Media contact: Noelle Lemoine, executive assistant; tele: 413-597-4277; email: [email protected]
WILLIAMSTOWN, Mass., February 20, 2020—Teju Cole, Ishion Hutchinson, and Rowan Ricardo Phillips—the Williams College W. Ford Schumann Distinguished Visiting Professor in Democratic Studies for spring 2020—will host a conversation titled “Silent Poems, Talking Pictures, and the Infinite Playlist” at Williams College. The event, which is free and open to the public, will be held on Wednesday, March 4, from 7 to 9 p.m. in the MainStage at the ’62 Center for Theatre and Dance.
This joint conversation will feature the voices of three prominent authors and poets. Teju Cole is the Gore Vidal Professor of the Practice of Creative Writing at Harvard University as well as a novelist, photographer, critic, curator, and author of five books. From 2015 to 2019, he served as the photography critic of The New York Times Magazine. His novella, Every Day is for the Thief, was named one of the best books of the year by The San Francisco Chronicle, NPR, The Root, The Telegraph, and The Globe and Mail. His novel, Open City, won several awards including the PEN/Hemingway Award, the New York City Book Award for Fiction, the Rosenthal Award of the American Academy of Arts and Letters, and the Internationaler Literaturpreis. His most recent book, Human Archipelago, is a collaboration with the photographer Fazal Sheikh.
Ishion Hutchinson is the author of two poetry collections: Far District and House of Lords and Commons. Born in Port Antonio, Jamaica, he is the recipient of the National Book Critics Circle Award for Poetry, a Guggenheim Fellowship, the Joseph Brodsky Rome Prize, the Whiting Writers Award, the PEN/Joyce Osterweil Award, the Windham-Campbell Prize for Poetry, and the American Academy of Arts and Letters Award in Literature, among others. He currently teaches in the graduate writing program at Cornell University.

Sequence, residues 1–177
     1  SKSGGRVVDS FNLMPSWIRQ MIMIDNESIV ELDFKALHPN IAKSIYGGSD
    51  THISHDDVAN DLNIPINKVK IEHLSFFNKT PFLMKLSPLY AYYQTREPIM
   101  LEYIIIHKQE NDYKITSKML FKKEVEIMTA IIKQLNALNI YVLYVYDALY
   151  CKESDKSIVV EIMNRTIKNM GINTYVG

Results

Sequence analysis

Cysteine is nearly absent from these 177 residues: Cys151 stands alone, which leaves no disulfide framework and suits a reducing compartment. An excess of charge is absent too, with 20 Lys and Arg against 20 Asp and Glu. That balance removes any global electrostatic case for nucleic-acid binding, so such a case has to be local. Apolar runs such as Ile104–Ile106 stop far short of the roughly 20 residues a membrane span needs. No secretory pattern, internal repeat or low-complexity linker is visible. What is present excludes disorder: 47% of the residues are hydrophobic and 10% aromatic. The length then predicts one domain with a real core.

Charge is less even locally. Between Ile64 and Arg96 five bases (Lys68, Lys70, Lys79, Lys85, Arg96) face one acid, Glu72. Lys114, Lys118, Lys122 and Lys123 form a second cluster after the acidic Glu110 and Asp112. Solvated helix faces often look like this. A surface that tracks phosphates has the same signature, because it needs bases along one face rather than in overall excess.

Rowan Ricardo Phillips is the author of three books of poems: The Ground, Heaven, and Living Weapon. He has also authored a book of literary criticism, When Blackness Rhymes with Blackness, and a non-fiction book, The Circuit: A Tennis Odyssey. He received the Whiting Writers’ Award, a Guggenheim Fellowship, the GLCA New Writers Award for Poetry, the Nicolás Guillén Outstanding Book Award, the PEN/Osterweil Prize for Poetry, the Anisfield-Wolf Book Award, and the PEN/ESPN Award for Literary Sportswriting. He teaches and directs the Poetry Center at Stony Brook University and is part of the Program of Creative Writing’s faculty at Princeton University. He currently serves as the W. Ford Schumann Distinguished Visiting Professor in Democratic Studies at Williams College.
This event is sponsored by the W. Ford Schumann ’50 Program in Democratic Studies as part of the Schumann Fund Initiative on Race and Democracy.
For building locations on the Williams campus, please consult the map outside the driveway entrance to the Security Office located in Hopkins Hall on Main Street (Rte. 2), next to the Thompson Memorial Chapel, or call the Office of Communications 413-597-4277. The map can also be found on the web at www.williams.edu/map